Riz Romauli talks sustainable practices in fashion and everyday life, and sheds light on her vision for Sumbu, the platform she has created to encourage greater environmental awareness among young Indonesians such as herself.
Environmentalism is a cause late to reach Indonesian consumers, but environmentally friendly practices are becoming increasingly important, the awareness of which issues relies somewhat on fads and trends. As the trend of purchasing individual metal straws or restaurants converting to paper straws, to name one, is taking hold and such products being promoted online with the help of social media influencers, protecting the environment is slowly becoming more of a daily consideration to more Indonesians.
Such environmental practices have also extended to the world of fashion. The idea of sustainable fashion is not new, but Indonesians actually have a unique advantage on this front, considering the abundance of natural resources available. Some brands have begun using these resources to create all-natural products, and it goes to show that environmentalism has become a kind of overlap or link with an Indonesian sense of national pride: they embrace all that is natural around us in a country that many would only ever dream of visiting or know primarily for its natural resources, and not the sometimes politically fragmented country that lags behind many others. Sustainable fashion has in itself become a movement within a movement as we catch up with those who have had a headstart.
And one 22-year-old is trying to play her part in this movement. Riz Romauli, a blogger, has used her influence to kickstart Sumbu, an online platform aimed to share what she’s learned on the environment and the myriad of little ways we’re able to live more sustainability, not merely to our own benefit but to that of our community. We sat down with her to learn more about Sumbu and her vision for cultivating better practices within her community. Sumbu highlights the importance of being aware of the impact that your everyday actions have on your environment, and perhaps more alarmingly, what it means for us and the world that we live in.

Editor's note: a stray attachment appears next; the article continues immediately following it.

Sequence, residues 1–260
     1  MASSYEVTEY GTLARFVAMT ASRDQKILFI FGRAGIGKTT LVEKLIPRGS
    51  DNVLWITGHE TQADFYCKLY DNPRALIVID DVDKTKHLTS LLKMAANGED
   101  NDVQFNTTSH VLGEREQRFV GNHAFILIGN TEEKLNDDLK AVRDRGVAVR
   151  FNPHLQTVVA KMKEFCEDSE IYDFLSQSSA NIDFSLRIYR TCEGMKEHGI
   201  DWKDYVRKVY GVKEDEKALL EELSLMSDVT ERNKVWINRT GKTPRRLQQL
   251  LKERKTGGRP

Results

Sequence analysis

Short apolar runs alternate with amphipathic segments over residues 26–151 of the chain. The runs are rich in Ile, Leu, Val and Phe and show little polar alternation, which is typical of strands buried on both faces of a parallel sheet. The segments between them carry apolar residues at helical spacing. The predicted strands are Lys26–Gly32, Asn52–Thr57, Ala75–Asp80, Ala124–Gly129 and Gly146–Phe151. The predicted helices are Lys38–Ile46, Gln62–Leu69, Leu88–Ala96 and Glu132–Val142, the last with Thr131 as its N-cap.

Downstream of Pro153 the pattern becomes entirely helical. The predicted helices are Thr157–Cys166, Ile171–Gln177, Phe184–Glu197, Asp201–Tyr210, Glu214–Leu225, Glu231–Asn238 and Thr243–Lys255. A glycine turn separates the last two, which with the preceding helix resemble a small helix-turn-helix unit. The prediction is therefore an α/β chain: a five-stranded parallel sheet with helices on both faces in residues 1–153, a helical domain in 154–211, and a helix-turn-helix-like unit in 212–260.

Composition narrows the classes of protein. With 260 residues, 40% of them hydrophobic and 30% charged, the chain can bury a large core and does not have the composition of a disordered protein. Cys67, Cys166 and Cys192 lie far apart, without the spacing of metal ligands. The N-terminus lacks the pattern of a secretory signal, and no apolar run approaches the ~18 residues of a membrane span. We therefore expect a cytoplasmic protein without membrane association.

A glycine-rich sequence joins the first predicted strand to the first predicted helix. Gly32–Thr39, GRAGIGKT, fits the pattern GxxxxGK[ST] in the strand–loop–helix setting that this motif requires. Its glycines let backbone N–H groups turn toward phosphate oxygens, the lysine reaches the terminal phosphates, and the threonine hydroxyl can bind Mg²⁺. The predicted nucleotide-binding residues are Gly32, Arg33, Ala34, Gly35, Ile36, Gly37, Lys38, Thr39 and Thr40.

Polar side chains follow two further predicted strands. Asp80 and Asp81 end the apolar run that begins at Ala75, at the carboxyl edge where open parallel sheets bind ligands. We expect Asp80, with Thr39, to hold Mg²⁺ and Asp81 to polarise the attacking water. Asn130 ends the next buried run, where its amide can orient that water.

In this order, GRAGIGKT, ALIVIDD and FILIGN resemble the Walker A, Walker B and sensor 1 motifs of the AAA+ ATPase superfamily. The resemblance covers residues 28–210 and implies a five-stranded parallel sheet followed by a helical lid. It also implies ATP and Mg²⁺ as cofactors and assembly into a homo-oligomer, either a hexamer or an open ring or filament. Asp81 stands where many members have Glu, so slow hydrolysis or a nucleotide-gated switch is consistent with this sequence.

It’s clear from the get-go that Riz’s philosophy of living more naturally and organically, in every sense of these words, pervades other aspects of her life aside from fashion. At home, she creates her shampoo bars from scratch as a substitute for the store-bought kind that are also less healthy for our hair and scalp due to the number of chemicals often found in them. To gauge people's interest in this alternative, she had experimented with making them available for purchase on Sumbu. She also currently sells merchandise, such as tote bags and reusable straws, to promote and fund her platform. The straws read, "I stand for what I stand on," a motto to capture Sumbu's mission. She had even chosen to meet in RAMU in South Jakarta. RAMU is a newly opened juice bar with an extensive menu of cold-pressed juices, blended smoothies and light snacks. “My friend is holding a garage sale here today,” she says. Said friend and the owners of RAMU teamed up to sell used clothes, a common practice in sustainable fashion.
Speaking on how her friends have responded to her passion for environmental protection, she admits, “it’s hard sometimes to watch my friends’ lifestyle, but I think that little by little they understand more of what I do and why I do it. They become more interested.” On being a conscious consumer, Riz is pleased about having given up high street brands. “I don’t remember the last time I shopped at ZARA or H&M,” she says excitedly. She goes on to explain, “I shop at vintage stores a lot.” Buying secondhand, while there currently is a shortage of brands that are simultaneously environmentally friendly and affordable, is a habit that she hopes for many other people her age. In an attempt to live more minimally and to avoid her unused clothing going to waste, Riz also sells those clothes that she no longer wears on Instagram, hoping that they go to individuals that then end up buying one less piece of clothing from international brands and are helping to reduce waste.
Alternatively, she buying local brands is also an option for people who insist on buying new clothes. “Buying from local brands reduces your carbon footprint, because imported clothes have to travel greater distances to reach Indonesian customers.” Riz is also adamant about encouraging the swimwear company she works for in Bali to be more accountable for their carbon footprint. “I talk to my boss about it, and I try to get her to see that there are ways we can be more environmentally friendly. I think it’s a challenge, but she’s becoming more and more open to what I have to say about it.”
When asked about her long-term vision for Sumbu, Riz thinks about much more than people simply knowing more about their carbon footprint and impact on the planet. Despite successfully selling merchandise, she has a much bigger picture in mind. “I would like Sumbu to grow into a community of environmentally-conscious people. There isn’t one for that yet, here.” As Riz continues to fight for a cause that affects us all, she hopes that she can reach as many individuals as she can, for them to be environmental ‘converts’ like she has, for her to collaborate with people who are equally dedicated to standing for what we stand on.